Event PR 13.08.2018

The ADPR guide to PR event best practice

Here at ADPR, we have years of experience in organising and overseeing events and have a few insights into creating a successful PR strategy for an event to make sure things go off without a hitch.

So you’ve got the idea for the event, what happens next?

  1. Check the diary

First things first, you’ll need to make sure there aren’t any clashes with other events that could make it difficult for your target audience of journalists to attend. For example, if you are inviting press to the launch of a new wedding venue in Devon, you’ll want to make sure the date doesn’t clash with London Bridal Fashion Week, which would make it impossible for your key contacts to attend. This might seem obvious, but dedicating time to thoroughly research and negate potential clashes will be vital when it comes to building your guestlist and making sure your event is well-attended.

  1. Develop clear KPIs

As with any campaign, setting a clear PR strategy for an event will help you to measure the success and assist with planning future events. Whether you measure the success of the event on the number of attendees, media coverage or number of interviews secured, defining your KPIs at an early stage will help with the direction and overall plan of the event. The objectives that you set should be achievable and aligned with the overall strategy of your organisation.

  1. Create timelines and checklists for planning

We are big fans of checklists at ADPR. Without maintaining a to-do list, you are at serious risk of getting lost in the myriad elements that are juggled when creating an event. While some elements are out of your control (such as weather or natural disasters), most other factors, such as people and assets, will be inside your control. A checklist helps you stay on top of the PR strategy for your event and ensure that everything runs smoothly.

Building a timeline will help you to organise your own team and also any external suppliers, as this timeline can be shared with them to ensure that everyone is singing from the same hymn sheet.

Google Docs is perfect for creating live timelines and checklists that can be shared with your team and third parties and edited in real-time.

  1. Engage with your guests

Establishing early contact with your list of attendees will build up your RSVP list, and then ensuring a few contact touch points in the run up the event date will keep your event in the forefront of their minds. Social media is a fantastic tool for this and posting regularly on your channels will help to build interest about your event. Some other top tips for keeping in touch with your audience:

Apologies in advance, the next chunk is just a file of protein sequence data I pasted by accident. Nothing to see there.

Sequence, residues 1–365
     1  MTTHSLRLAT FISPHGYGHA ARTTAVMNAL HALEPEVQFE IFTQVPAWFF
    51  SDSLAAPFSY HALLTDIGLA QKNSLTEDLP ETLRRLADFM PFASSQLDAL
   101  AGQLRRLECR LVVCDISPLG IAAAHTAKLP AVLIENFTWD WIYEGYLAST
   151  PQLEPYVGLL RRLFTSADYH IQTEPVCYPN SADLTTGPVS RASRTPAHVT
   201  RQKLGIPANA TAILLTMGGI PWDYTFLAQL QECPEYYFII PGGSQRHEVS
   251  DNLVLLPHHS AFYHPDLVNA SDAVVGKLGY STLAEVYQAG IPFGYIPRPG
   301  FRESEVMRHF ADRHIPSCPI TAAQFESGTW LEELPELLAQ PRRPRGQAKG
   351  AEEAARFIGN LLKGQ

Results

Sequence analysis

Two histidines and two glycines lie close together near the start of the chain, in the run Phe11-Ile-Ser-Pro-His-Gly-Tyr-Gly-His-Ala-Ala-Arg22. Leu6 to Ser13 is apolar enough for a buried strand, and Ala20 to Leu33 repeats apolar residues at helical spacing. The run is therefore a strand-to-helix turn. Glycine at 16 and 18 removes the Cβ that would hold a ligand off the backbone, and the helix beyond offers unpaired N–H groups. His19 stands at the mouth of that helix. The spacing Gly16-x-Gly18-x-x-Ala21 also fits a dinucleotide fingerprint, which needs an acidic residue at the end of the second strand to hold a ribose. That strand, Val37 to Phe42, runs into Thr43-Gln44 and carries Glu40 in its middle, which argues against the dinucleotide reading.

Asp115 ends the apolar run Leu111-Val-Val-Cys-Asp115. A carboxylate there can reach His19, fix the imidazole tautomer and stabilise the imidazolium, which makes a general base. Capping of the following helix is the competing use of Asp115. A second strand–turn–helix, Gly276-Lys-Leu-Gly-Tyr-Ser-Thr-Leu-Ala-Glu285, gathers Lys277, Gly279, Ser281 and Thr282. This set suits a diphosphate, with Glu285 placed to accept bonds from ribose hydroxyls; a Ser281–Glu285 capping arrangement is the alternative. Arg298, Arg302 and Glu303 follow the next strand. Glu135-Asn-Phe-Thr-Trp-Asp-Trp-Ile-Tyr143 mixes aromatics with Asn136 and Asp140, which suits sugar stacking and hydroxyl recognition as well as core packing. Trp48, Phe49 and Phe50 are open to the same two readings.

• Get the details of the event out quickly

The more time that your guests have to book in your event, the better. Journalists are busy people under pressure from deadlines, and they need plenty of warning in order to commit to an event. As soon as you decide on an event date, you can send out save the date invitations, to make your guests aware of your event without needing to provide them with a greater level of detail quite just yet. You can then send out the full invitation a few weeks later, by which time you will have hopefully started to build up your RSVP list.

  • Create a blog post about the event

Write a great piece of content explaining the reason behind organising the event – this is your mission statement. You can use this to build excitement and entice people towards attending the event. It can also be really useful to form the basis of pitches.

  • Use an event page to keep people informed and up to date

It’s important to make social media a big part of the PR strategy for your event. Event pages are very useful as a knowledge base for attendees and potential guests, allowing people to ask questions and find out more information about your event before agreeing to attend.

  • Give people the option to join your list